Under starvation conditions, eukaryotic cells recover nutrients via autophagy, a lysosome-mediated process of bulk cytoplasmic degradation. Through autophagy, long-lived proteins, organelles, and other components of the cytoplasm are non-selectively engulfed within specialized double-membraned vesicles known as autophagosomes. Subsequent fusion of the outer autophagosomal membrane with the lysosome results in a structure known as the autolysosome, in which the inner membrane and its cytoplasmic cargo are degraded. Breakdown products released from the autolysosome supply the cell with an internal source of nutrients that can support essential metabolic processes during starvation [1
]. Approximately 20 ATG
(autophagy-related) genes specifically required for autophagy have been discovered in Saccharomyces cerevisiae
], and many of these genes have functional homologs in metazoans [1
In addition to survival of starvation, autophagy has been implicated in many aspects of health and development, including aging, programmed cell death, pathogenic infection, stress responses, neurodegenerative and muscle disorders, cellular remodeling, cancer, and cell growth [1
]. As in many of these processes, evidence for a role of autophagy in cell growth control is largely correlative. Autophagy is promoted by several tumor suppressor genes including PTEN, TSC1 & 2, and beclin 1, and is inhibited by growth-promoting pathways such as type I PI3K and target of rapamycin (TOR) signaling [5
]. A variety of conditions that stimulate cell growth, such as growth factor addition, partial hepatectomy, and refeeding after starvation, also inhibit autophagy, while growth suppressive signals, such as contact inhibition and substrate detachment, induce autophagy [11
]. Together, these correlative findings are consistent with a model in which the catabolic effects of autophagy act as a brake on cell growth during development. However, this issue is complicated by the pleiotropic nature of the signaling pathways that regulate autophagy. For example, in addition to inhibiting autophagy, the TOR pathway controls cell metabolism and biosynthesis by promoting ribosome biogenesis, protein synthesis and nutrient uptake [12
]. The relevant contribution of each of these downstream effector pathways to net cell growth is poorly understood.
Autophagy is also known to be involved in programmed cell death, and distinguishes Type II (autophagic) from Type I (apoptotic) cell death. Autophagic cell death is characterized by an abundance of autophagosomes and autolysosomes in the dying cell and differs from apoptotic cell death in that dying cells are degraded by their own lysosomal enzymes, rather than by phagocytosis [13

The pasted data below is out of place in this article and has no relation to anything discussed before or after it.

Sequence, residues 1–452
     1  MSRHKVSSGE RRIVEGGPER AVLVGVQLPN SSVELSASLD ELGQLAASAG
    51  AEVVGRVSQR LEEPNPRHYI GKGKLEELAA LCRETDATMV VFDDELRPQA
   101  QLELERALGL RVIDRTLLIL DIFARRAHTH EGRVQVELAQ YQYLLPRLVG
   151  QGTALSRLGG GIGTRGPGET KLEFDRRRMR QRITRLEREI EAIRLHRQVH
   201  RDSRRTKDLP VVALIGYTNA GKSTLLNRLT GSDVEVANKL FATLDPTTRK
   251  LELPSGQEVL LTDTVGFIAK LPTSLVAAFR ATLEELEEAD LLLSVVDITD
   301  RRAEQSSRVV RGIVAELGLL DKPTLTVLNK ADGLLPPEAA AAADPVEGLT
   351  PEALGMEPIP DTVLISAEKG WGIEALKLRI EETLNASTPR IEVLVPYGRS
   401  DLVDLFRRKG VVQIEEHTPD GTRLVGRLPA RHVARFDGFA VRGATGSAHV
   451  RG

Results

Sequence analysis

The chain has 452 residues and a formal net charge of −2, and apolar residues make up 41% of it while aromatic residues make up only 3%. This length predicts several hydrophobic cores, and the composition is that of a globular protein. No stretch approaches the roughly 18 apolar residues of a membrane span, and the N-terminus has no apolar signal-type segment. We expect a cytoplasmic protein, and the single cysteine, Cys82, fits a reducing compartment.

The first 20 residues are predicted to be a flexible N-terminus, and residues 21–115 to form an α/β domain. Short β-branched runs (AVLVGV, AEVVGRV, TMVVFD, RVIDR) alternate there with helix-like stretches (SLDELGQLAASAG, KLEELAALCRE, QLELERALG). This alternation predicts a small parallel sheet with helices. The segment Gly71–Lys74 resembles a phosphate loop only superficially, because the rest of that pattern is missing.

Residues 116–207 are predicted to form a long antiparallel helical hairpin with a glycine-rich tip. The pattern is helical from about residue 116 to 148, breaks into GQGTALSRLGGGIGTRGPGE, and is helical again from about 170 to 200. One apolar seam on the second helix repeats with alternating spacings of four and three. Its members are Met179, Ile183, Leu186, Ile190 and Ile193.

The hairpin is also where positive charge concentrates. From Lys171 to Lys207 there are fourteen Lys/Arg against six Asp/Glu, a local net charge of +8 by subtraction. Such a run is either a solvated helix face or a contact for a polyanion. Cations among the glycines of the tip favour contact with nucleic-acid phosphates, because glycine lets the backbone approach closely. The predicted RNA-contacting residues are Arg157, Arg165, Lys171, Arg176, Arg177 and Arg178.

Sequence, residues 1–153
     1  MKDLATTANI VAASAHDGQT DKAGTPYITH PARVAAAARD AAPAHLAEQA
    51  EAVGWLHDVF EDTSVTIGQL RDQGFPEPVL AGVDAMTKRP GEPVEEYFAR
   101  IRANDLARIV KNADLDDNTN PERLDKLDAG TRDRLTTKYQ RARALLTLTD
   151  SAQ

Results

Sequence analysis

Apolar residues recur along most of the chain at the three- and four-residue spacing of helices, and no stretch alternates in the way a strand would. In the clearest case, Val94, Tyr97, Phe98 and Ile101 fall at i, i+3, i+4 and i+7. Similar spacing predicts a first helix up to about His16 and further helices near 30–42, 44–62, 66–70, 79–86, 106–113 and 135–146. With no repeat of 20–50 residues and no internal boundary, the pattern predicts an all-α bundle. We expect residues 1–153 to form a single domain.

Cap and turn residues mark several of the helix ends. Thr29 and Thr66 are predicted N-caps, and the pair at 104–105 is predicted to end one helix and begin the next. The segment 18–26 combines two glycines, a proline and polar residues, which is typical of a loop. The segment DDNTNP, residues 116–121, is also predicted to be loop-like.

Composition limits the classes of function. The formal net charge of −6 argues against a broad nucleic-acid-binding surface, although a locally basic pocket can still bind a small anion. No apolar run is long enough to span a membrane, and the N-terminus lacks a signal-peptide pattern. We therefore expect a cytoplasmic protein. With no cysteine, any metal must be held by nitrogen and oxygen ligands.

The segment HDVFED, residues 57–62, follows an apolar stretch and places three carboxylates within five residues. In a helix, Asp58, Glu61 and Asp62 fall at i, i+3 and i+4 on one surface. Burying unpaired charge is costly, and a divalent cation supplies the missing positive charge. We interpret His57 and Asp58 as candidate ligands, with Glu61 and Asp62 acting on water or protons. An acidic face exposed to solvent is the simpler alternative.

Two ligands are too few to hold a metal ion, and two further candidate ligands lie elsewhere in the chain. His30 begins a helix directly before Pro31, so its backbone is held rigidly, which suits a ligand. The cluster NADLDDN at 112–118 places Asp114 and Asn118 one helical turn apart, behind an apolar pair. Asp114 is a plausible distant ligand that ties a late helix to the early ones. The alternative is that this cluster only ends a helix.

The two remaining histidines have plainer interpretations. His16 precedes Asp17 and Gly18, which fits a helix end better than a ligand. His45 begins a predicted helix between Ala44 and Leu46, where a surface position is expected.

]. It has been difficult, however, to establish whether autophagy plays a causal role in Type II cell death or represents a failed attempt at cell survival in cells undergoing programmed cell death. Death signals often induce features of both apoptosis and autophagy, and mutations that disrupt autophagy have been shown to suppress cell death in some cases [14
], and hasten it in others [2
]. Thus, as in the case for cell growth, much of the support for a direct role for autophagy in cell death rests on correlative evidence.
One approach to addressing the potential role of autophagy in functions such as cell death and growth would be to induce autophagy directly, independent of the signaling pathways that normally control it. In yeast, multiple signaling pathways, including TOR, AMPK and Ras/PKA, converge on the Ser-Thr kinase Atg1 to regulate autophagy [18
]. In addition, Atg1 interacts with multiple components of the autophagic machinery, through direct association, phosphorylation, and/or through effects on intracellular localization [18
]. Thus, Atg1 may represent a nodal point for controlling multiple steps in the autophagic process in response to various inductive cues.
Interestingly, the role of Atg1 kinase activity in yeast is the subject of some debate, and studies from different groups using ATP analog-sensitive and kinase-defective Atg1 mutants have reached conflicting conclusions. One study reported that Atg1 kinase activity is required for the autophagy-related biosynthetic cytoplasm to vacuole targeting (CVT) pathway but not for autophagy, and concluded that Atg1 plays a structural role in autophagy [23
]. However, other studies using similar reagents found a requirement for Atg1 kinase activity in both CVT and autophagy [18
We have previously shown that the Drosophila melanogaster
homolog of Atg1 is required for autophagy in the larval fat body, an organ analogous to the vertebrate liver with roles in nutrient storage and mobilization [5
]. Here, we investigate the effects of Drosophila Atg1 loss of function and overexpression on autophagy induction, cell growth control, and cell death. Our findings indicate that Atg1 expression is sufficient to effect a full autophagic response, resulting in a marked inhibition of cell growth and a rapid induction of apoptotic cell death.